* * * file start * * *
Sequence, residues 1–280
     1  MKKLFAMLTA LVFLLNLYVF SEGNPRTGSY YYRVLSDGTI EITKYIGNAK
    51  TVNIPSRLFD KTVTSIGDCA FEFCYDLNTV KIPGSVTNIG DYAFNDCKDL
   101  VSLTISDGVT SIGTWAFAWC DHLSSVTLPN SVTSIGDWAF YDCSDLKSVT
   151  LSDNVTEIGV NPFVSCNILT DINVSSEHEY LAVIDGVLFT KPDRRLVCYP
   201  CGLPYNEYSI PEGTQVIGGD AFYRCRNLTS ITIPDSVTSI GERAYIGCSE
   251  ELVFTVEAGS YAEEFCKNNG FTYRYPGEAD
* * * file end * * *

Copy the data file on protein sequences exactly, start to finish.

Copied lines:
Sequence, residues 1–280
     1  MKKLFAMLTA LVFLLNLYVF SEGNPRTGSY YYRVLSDGTI EITKYIGNAK
    51  TVNIPSRLFD KTVTSIGDCA FEFCYDLNTV KIPGSVTNIG DYAFNDCKDL
   101  VSLTISDGVT SIGTWAFAWC DHLSSVTLPN SVTSIGDWAF YDCSDLKSVT
   151  LSDNVTEIGV NPFVSCNILT DINVSSEHEY LAVIDGVLFT KPDRRLVCYP
   201  CGLPYNEYSI PEGTQVIGGD AFYRCRNLTS ITIPDSVTSI GERAYIGCSE
   251  ELVFTVEAGS YAEEFCKNNG FTYRYPGEAD